US Commodity Futures Trading Commission (CFTC) Commissioner J. Christopher Giancarlo today released a white paper that analyzes flaws in the CFTC’s implementation of its swaps trading regulatory framework under Title VII of the Dodd-Frank Act and proposes a more effective alternative better aligned with swaps market dynamics and truer to congressional intent.

His 89-page proposal, “Pro-Reform Reconsideration of the CFTC Swaps Trading Rules: Return to Dodd-Frank,” is available in its entirety on TabbFORUM, the global capital markets site created by TABB Group, the independent capital markets research and consulting firm, for peer-to-peer thought leadership on current issues, now tracked daily by 25,000 professionals.

He will also discuss his proposal in a keynote speech today at the TabbFORUM fixed income industry conference, “Perfect Storm” Navigating the Confluence,” in New York at The TimesCenter.

According to the Commissioner (@giancarloCFTC on Twitter), there is a fundamental mismatch between the CFTC’s swaps trading regulatory framework and the distinct liquidity and trading dynamics of the global swaps market. He believes that the Commission’s framework is highly over-engineered, disproportionately modeled on the U.S. futures market and biased against both human discretion and technological innovation. “As such,” he writes, “the CFTC’s framework does not accord with the letter or spirit of the Dodd-Frank Act.” In saying, his paper identifies 10 adverse consequences of flawed swaps trading rules that include:

  • Driving global market participants away from transacting with entities subject to CFTC swaps regulation.
  • Fragmenting swaps trading into numerous artificial market segments.
  • Increasing market liquidity risk.
  • Making it highly expensive and burdensome to operate SEFs.
  • Hindering swaps market technological innovation.
  • Opening the U.S. swaps market to algorithmic and high-frequency trading.
  • Wasting taxpayer money when the CFTC is seeking additional resources.
  • Jeopardizing relations with foreign regulators.
  • Threatening U.S. job creation and human discretion in swaps execution.
  • Increasing market fragility and the systemic risk that the Dodd-Frank regulatory reform was predicating on reducing.

He follows with an alternative, pro-reform swaps trading framework that offers a comprehensive, cohesive and flexible, five-point alternative, better aligned with swaps market dynamics and truer to congressional intent:

  • Comprehensiveness: Subject the broadest range of U.S. swaps trading activity to CFTC oversight.
  • Cohesiveness: Remove artificial segmentation of swaps trading and regulate all CFTC swaps trading in a holistic fashion.
  • Flexibility: Return to the Dodd-Frank Act’s express prescription for flexibility in swaps trading by permitting trade execution through “any means of interstate commerce,” allowing organic development of swaps products and market structure, accommodating beneficial swaps market practices and respecting the general nature of core principles.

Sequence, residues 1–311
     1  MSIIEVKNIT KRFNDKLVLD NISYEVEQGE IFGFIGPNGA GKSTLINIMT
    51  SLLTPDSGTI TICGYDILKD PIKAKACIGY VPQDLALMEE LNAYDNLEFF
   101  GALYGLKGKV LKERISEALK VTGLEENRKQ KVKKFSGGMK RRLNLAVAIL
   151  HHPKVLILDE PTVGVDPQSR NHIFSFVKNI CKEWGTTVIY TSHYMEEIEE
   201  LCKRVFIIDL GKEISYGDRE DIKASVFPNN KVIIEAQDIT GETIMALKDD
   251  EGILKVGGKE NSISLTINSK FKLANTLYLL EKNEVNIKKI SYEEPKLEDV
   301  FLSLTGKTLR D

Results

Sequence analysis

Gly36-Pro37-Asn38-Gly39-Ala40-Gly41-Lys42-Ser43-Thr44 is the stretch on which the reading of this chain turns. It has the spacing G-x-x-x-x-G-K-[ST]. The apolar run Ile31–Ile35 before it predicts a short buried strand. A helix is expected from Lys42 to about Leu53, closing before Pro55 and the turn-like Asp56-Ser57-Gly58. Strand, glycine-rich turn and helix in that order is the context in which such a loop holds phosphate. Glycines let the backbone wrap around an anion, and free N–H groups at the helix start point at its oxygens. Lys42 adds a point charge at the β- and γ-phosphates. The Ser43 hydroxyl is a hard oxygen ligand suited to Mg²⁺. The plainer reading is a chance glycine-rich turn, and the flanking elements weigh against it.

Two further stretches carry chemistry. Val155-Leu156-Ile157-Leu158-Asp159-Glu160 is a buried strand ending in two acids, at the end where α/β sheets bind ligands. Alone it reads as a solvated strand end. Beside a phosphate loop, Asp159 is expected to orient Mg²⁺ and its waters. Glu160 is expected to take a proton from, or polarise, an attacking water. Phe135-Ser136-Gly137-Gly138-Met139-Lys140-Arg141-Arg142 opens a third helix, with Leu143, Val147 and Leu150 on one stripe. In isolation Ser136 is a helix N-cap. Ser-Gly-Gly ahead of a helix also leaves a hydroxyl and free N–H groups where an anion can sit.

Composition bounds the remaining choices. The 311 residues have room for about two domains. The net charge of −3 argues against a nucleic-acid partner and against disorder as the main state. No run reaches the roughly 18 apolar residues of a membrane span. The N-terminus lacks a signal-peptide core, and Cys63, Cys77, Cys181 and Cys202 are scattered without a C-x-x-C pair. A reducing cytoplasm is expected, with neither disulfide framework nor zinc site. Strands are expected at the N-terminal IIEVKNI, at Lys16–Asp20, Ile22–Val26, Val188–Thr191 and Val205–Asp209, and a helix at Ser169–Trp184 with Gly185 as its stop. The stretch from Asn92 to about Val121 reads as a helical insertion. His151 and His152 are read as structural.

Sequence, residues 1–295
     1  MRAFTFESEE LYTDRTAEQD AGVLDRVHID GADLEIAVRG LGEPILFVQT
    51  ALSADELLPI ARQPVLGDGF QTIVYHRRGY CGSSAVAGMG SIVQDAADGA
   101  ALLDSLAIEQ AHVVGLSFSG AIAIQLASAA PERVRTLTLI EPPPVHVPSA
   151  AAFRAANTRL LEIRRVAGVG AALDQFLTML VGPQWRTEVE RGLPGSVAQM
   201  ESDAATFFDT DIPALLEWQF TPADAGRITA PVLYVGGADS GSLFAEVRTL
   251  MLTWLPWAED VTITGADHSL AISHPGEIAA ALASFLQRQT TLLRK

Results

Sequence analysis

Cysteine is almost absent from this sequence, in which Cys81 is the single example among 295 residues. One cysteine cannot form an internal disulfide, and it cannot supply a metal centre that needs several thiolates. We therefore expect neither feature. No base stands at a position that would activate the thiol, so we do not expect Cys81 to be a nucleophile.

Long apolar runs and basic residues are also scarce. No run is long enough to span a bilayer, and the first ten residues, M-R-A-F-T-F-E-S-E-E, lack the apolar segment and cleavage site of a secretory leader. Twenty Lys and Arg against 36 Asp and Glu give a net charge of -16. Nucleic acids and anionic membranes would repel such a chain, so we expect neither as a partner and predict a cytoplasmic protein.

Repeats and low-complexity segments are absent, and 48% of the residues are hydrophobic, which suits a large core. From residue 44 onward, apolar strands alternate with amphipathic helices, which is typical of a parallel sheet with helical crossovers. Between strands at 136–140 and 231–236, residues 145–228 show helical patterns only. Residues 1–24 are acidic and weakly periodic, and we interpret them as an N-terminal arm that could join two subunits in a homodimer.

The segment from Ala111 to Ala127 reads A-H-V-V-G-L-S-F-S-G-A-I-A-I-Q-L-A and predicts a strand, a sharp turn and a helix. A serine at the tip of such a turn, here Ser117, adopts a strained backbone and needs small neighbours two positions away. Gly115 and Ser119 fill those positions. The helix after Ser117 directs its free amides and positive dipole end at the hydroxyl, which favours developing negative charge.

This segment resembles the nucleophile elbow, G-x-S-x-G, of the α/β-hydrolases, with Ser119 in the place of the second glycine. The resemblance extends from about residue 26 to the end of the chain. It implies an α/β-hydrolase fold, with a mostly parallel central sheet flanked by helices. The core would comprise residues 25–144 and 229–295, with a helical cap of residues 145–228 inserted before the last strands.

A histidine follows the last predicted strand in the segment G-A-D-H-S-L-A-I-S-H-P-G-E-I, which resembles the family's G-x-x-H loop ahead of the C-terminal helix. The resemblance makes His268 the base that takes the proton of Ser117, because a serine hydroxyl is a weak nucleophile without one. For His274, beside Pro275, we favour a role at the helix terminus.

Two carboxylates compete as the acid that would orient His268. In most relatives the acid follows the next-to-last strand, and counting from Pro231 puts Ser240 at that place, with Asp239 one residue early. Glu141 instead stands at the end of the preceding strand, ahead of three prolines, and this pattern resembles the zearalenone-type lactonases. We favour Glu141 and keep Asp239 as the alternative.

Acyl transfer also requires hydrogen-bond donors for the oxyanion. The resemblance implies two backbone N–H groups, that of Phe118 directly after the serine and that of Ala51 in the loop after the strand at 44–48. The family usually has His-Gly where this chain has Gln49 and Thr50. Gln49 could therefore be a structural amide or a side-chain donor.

• Professionalism: Raise standards of professionalism in the swaps market by establishing requirements for product and market knowledge, professionalism and ethical behavior for swaps market personnel.
  • Transparency: Increase transparency through a balanced focus on promoting swaps trading and market liquidity as Congress intended.

The Commissioner further believes that implementing this pro-reform agenda would yield a broad range of benefits to:

  • Align with congressional intent to promote swaps trading under CFTC regulation.
  • Promote vibrant swaps markets by regulating swaps trading in a manner well matched to underlying market dynamics.
  • Reduce global and domestic fragmentation in the swaps market.
  • Foster market liquidity.
  • Reduce burdensome legal and compliance costs of registering and operating CFTC-registered SEFs.
  • Encourage technological innovation to better serve market participants and preserve jobs of U.S.-based support personnel.
  • Free up CFTC resources and save taxpayer money at a time of large federal budget deficits.
  • Provide another opportunity for the CFTC to coordinate with other jurisdictions that are implementing their own swaps trading rules.
  • Reverse the increasing fragility of the U.S. swaps market by allowing organic development and growth for greater U.S. economic health and prosperity.

Market participants are encouraged to submit comments and feedback through the TabbFORUM site.

Note: The views expressed in the white paper reflect the views of Commissioner J. Christopher Giancarlo and do not necessarily reflect the views of the Commodity Futures Trading Commission (CFTC), other CFTC Commissioners or CFTC staff.

TabbFORUM is the site for peer-to-peer, contributed thought leadership on current issues affecting global capital markets, covering electronic trading, market structure and regulation from fixed income and equities, to derivatives, futures, currencies, commodities, IT, risk, data and analytics. Launched by TABB Group in February 2010 exclusively for capital markets professionals, the FORUM is “where capital markets speak,” the community for the exchange of ideas and information and engaging in lively debate. In October, 2013, QuantFORUM went live, an online channel exclusively for the global quantitative investing community.

Martin Rabkin, 914-420-5739
[email protected]